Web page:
The links between economic prosperity, or lack thereof, and the exploitation and use of energy and other natural resources go back to the earliest records of the human species - and in important respects even further back to when hunting and foraging characterised the earliest humanoid species. This paper surveys the challenges of resource exploitation and use, reﬂecting that as we exploit the most readily and cheapest resources, and extraction technology, available at the time, so the marginal returns of each tend to decline as the highest quality is depleted, costs rise, and alternatives are increasingly sought. There are few resources where this is truer than the various forms of energy which have been exploited down the ages. Many complex societies in the past have failed to make a successful transition, and the historic record demonstrates clearly the inadequacies of Solow-type growth theory. Scenarios of global energy prospects for the 21st Century need to consider the past and, in the light of it, ask whether the end of the Anthropocene Age is in sight or whether some kind of Promethean leap will come to the rescue.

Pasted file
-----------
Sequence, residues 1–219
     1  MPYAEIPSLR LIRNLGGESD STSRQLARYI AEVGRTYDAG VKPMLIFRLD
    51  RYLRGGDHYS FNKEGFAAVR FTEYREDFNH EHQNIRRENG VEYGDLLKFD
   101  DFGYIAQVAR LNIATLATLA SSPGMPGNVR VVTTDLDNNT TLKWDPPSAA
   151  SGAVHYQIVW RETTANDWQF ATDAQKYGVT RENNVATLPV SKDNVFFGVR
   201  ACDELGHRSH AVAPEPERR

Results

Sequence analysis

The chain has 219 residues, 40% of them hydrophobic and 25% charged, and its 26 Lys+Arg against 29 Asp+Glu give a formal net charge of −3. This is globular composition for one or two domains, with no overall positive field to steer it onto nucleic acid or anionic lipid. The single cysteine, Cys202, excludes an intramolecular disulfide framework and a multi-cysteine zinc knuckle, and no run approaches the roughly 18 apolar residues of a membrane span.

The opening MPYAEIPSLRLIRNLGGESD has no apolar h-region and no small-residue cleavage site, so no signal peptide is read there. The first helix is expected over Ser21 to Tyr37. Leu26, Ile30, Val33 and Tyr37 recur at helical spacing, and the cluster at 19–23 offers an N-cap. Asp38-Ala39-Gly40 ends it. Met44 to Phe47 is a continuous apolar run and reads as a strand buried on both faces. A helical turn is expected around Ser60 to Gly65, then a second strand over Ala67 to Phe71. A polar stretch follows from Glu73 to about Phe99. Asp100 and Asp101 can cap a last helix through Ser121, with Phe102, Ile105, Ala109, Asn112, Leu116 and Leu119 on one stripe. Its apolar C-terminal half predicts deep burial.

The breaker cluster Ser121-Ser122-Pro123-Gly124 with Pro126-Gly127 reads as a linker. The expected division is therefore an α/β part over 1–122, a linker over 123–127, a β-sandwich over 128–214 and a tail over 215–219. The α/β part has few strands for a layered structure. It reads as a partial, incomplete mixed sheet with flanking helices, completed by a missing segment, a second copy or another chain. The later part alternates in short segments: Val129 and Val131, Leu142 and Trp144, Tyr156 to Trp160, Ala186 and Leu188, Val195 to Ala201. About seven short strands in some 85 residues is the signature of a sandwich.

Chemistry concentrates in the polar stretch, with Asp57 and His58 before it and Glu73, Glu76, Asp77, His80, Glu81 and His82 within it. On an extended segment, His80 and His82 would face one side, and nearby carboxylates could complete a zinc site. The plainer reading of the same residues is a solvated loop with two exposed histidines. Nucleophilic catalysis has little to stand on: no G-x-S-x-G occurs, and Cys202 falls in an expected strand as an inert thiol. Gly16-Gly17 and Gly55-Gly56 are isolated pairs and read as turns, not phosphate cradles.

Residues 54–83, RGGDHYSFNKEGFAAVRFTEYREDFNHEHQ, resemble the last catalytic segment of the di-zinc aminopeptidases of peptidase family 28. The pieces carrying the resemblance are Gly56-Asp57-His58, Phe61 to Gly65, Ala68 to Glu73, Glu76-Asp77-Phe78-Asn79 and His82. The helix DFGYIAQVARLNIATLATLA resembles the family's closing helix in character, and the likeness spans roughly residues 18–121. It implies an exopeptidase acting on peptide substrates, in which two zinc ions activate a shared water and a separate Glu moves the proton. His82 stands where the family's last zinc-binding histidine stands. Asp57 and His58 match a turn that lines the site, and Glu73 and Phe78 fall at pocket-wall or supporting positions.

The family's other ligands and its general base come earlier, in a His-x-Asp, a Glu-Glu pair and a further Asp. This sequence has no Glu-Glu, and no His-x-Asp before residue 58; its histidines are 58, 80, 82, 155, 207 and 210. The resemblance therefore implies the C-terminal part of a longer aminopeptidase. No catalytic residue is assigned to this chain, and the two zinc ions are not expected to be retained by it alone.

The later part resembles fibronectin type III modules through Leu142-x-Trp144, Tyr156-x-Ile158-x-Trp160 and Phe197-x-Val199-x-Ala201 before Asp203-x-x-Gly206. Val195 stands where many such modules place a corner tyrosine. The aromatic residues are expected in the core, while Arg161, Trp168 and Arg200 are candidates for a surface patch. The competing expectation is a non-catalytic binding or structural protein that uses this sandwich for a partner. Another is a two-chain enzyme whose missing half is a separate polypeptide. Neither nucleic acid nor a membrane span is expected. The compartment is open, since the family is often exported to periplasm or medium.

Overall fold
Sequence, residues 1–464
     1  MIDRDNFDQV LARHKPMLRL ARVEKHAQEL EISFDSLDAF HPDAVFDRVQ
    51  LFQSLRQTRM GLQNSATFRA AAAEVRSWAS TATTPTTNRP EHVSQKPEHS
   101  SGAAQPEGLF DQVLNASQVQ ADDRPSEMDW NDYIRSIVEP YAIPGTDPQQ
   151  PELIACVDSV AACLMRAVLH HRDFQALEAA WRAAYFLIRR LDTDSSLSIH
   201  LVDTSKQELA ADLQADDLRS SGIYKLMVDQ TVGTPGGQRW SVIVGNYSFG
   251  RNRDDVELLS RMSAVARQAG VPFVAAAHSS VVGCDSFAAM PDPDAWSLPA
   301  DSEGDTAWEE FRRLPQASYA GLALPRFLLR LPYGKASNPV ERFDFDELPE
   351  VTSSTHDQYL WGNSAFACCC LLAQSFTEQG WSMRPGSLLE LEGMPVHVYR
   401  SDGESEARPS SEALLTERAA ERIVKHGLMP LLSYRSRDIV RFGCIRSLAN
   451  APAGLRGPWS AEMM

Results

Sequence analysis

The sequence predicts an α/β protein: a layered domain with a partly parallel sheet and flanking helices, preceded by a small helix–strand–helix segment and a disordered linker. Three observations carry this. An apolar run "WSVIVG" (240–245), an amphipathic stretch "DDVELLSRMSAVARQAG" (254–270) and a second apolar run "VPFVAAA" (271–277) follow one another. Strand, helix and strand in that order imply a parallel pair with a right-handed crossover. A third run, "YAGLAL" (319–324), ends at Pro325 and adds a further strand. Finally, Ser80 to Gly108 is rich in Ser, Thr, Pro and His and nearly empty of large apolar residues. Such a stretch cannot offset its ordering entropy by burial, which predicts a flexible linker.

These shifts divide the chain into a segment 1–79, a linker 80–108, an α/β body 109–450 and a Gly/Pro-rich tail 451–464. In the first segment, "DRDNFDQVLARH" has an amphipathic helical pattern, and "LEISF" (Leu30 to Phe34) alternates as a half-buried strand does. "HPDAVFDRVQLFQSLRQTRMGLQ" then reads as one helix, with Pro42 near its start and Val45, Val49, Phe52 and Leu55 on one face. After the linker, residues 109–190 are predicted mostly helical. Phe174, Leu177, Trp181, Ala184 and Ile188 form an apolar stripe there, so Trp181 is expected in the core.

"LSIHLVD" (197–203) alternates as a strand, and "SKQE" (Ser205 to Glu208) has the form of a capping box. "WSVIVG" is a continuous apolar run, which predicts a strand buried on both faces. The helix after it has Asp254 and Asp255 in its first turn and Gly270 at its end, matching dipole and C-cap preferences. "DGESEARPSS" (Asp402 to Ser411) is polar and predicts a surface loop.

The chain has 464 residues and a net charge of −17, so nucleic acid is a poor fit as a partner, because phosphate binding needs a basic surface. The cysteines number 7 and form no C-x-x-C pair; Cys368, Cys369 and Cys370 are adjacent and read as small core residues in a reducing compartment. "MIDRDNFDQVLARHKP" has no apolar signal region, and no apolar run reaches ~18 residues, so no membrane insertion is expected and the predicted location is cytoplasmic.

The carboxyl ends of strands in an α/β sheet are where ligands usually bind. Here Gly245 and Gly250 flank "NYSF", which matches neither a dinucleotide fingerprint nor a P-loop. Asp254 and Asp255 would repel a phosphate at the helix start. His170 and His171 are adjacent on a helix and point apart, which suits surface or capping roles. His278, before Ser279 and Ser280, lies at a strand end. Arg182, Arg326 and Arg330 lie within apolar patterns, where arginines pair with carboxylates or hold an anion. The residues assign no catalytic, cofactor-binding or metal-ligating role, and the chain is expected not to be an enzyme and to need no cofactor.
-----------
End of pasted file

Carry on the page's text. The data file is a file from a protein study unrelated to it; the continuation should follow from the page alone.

In January, 2014, this journal published a Special Issue on "Oil and Gas Perspectives in the 21st Century". The Special Issue con- tained a paper by Robert Ayres and Vlasios Voudouris: "The eco- nomic growth enigma: Capital, labour and useful energy?" in which: they discussed the failure of neo-classical growth theory to take adequate account of energy and other natural resources; consideration of the concept of "useful energy"; and the in- adequacies of the ﬁrst law of thermodynamics (which some have interpreted as energy cannot be wasted or destroyed, but only converted). Robert Solow is principally associated with the stan- dard neo-classical theory of economic growth, and here we con- sider his assumption that the growth theory need consider only two factors of production - labour and capital - against historic evidence and the realities of human existence. Admittedly, Solow in his famous paper on this subject began it by stating: "All theory depends on assumptions which are not quite true" ( Solow, 1956). The weakness of his case lies principally in his ignoring of energy and other natural resources because they contributed little to national accounts in monetary terms. The reality is that human existence and material progress have been heavily dependent upon the exploitation of natural resources, and particularly of energy, from the earliest times - not just since the Industrial Re- volution. Our ability to draw on larger and more concentrated supplies of useful energy (mainly from ﬁnite fossil fuel resources) has increasingly powered growth over the past 250 years, but the basic principles go back to the mists of time. A key question is: given the world's ﬁnite resources and limitations of renewable resources, how well is the human race positioned to cope with a human population anticipated to rise to nine billion by 2050, and possibly to over twelve billion by 2100?